Saving Lettuce Seed

Saving seeds from lettuce.  Original Cracoviensis lettuce seeds came from Seed Savers Exchange.  Our crop turned out so well that I decided to try my hand at seed saving for the first time in order to have more for next year.  Lucky, as it now seems like Seed Savers is sold out of that variety.

The process for collecting the seed is pretty simple – you just let one lettuce plants bolt.  After a few weeks, the familiar lettuce plant  grew into a thick stalk about five feet tall, with flowering fronds at the top (sort of like this).  Once the flowers had started to bloom, I took the seed pods home and let them dry out over a couple of days before trying to remove the seeds.

Admittedly, I didn’t bother to do much research on harvesting the seeds, so my process was largely trial and error. After spending some time manually prying individual pods apart (easy, but slow) I decided to put the remaining pods inside a cloth bag and mash it around to open all the pods at once.  This worked fine, but left all the bits of chaff in with the seeds.  As a second step, I ran the pile of seeds and casings through a sieve, which caught most of the larger pieces of chaff and left me with a relatively clean pile of seeds.

The seeds I got were ultimately a bit smaller than the ones from the packet, which I chalk up to not waiting long enough to harvest the pods.  I may try to test a few out in a window box just to see how viable they are.

Regardless of the results, it was really amazing how many seeds I got from just one plant.  After all the care I took in raising these lettuce plants, the natural process of self-propagation automatically provides the gardener or farmer with the core supply necessary to carry on growing crops – and in bulk!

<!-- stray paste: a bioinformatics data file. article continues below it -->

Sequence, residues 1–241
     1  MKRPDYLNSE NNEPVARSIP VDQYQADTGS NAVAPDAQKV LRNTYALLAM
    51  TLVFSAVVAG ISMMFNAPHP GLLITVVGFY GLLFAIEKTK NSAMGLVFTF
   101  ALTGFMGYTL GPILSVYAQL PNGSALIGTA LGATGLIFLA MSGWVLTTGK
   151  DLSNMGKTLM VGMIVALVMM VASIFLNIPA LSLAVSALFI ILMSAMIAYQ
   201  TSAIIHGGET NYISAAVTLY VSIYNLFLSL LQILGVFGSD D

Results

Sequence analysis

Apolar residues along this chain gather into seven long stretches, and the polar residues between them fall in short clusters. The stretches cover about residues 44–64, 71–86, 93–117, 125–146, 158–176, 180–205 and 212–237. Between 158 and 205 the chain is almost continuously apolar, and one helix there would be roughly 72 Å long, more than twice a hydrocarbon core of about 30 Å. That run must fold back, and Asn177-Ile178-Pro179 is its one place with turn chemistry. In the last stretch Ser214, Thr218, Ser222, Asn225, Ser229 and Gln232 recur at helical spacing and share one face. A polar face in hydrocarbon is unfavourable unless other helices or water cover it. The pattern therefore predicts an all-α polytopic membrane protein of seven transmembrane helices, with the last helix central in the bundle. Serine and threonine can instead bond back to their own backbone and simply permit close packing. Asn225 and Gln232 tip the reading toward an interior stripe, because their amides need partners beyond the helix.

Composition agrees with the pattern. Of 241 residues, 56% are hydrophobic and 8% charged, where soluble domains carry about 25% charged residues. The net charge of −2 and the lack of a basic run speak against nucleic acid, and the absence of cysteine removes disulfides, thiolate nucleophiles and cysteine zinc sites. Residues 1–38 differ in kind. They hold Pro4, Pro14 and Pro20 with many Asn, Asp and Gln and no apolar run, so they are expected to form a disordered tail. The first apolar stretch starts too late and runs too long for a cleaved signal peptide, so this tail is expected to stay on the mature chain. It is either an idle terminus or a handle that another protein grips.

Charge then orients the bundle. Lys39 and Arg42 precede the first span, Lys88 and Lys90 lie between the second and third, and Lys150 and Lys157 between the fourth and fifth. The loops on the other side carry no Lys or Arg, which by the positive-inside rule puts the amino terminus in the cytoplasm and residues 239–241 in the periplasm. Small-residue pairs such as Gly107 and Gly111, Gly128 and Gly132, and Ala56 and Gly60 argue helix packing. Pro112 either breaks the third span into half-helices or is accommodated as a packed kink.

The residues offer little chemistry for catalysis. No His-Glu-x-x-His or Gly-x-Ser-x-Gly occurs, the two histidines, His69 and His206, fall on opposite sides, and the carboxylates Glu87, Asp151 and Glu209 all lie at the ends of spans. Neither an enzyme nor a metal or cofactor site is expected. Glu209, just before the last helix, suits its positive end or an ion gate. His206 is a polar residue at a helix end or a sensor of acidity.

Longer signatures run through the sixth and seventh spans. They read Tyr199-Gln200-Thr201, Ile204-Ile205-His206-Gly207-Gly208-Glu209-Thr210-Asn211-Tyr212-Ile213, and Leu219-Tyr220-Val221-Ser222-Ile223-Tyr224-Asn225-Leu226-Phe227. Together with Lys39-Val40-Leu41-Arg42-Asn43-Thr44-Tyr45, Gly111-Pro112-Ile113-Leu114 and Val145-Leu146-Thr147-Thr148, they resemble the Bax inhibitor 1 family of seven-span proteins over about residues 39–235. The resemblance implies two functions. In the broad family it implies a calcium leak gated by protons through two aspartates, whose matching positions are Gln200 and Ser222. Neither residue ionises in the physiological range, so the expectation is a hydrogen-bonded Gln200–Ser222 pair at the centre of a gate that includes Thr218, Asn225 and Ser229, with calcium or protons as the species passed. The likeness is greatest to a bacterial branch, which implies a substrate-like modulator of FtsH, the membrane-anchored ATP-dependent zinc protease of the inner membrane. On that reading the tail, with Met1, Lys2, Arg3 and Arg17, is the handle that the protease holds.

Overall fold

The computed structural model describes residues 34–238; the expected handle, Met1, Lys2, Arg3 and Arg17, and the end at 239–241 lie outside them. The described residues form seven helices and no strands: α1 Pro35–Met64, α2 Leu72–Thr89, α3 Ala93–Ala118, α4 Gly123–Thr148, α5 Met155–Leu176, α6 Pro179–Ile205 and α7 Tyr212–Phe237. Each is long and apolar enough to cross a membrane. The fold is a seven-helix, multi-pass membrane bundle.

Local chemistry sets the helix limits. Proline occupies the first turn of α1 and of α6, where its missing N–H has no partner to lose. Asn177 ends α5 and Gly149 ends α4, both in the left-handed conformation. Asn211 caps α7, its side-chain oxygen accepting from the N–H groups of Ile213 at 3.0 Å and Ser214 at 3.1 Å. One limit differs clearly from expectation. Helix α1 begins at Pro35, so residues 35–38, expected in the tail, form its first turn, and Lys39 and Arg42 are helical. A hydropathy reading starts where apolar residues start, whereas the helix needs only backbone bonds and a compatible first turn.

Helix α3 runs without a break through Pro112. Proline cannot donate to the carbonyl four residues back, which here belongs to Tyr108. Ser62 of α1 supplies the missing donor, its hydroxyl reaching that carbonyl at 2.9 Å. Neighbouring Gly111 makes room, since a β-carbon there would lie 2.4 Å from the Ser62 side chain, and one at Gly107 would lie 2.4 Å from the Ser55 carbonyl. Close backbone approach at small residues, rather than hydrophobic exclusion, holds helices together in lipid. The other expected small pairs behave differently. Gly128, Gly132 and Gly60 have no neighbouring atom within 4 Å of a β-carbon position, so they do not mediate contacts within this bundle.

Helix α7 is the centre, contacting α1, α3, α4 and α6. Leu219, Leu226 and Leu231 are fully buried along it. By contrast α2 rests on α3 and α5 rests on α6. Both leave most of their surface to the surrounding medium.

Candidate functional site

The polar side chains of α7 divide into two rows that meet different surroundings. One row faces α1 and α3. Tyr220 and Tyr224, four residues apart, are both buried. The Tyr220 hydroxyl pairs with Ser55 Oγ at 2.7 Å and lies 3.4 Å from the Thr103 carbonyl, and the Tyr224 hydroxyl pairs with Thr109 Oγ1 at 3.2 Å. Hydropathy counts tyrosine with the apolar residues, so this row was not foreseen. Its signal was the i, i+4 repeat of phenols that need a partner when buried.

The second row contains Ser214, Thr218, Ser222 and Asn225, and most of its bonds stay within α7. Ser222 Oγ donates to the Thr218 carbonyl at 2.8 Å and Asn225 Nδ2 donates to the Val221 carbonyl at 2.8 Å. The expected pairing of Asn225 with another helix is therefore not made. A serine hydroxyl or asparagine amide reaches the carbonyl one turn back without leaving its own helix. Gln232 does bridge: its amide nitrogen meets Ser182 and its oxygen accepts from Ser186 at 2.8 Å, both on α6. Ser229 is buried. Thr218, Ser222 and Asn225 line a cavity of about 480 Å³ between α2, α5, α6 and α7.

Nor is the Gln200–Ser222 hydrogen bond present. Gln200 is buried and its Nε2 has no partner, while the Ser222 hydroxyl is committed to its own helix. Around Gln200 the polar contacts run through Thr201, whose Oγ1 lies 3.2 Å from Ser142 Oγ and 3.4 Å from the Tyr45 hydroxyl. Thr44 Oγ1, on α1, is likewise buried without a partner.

Ultimately, if I took these seeds to early and they don’t grow much lettuce next year, it’s not the end of the world – I don’t mind paying a couple extra bucks for a new packet from Seed Savers.  However, going through this process really gave me a more tangible appreciation for the impact that anti-seed saving measures on GE crops (most notably carried out by Monsanto) must have on commercial farmers.

 

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3 Comments on “Saving Lettuce Seed”

  1. Eileen says:

    Yes to saving seeds! Radishes and carrots are also great candidates for bolting-for-seed, and I even have a couple onion flowerheads clearly forming seeds. Also: tomato seeds. I’m just saying. :)

  2. healthninja says:

    This sounds like such a fullfilling experience! How beautiful it would be to see those small plants grow out of your own saved seeds. Cannot wait to have a garden myself one day – until then, I would be happy to find a flat with a balcony soon and start some wine box gardening.

  3. Eric says:

    Pretty cool! You might want to wait until the seed pods dry a little on their own and start to open, then collect the rest of them. With some plants, the seeds fall out pretty easily. You’d have to monitor things closely so that you get them before they open and blow away! I’ve saved seeds from peppers and basil, and had great luck with them. (I’ve also replanted chives with saved seeds, but the chives keep coming back anyway, so it’s not really necessary unless you’re trying to increase the amount.)


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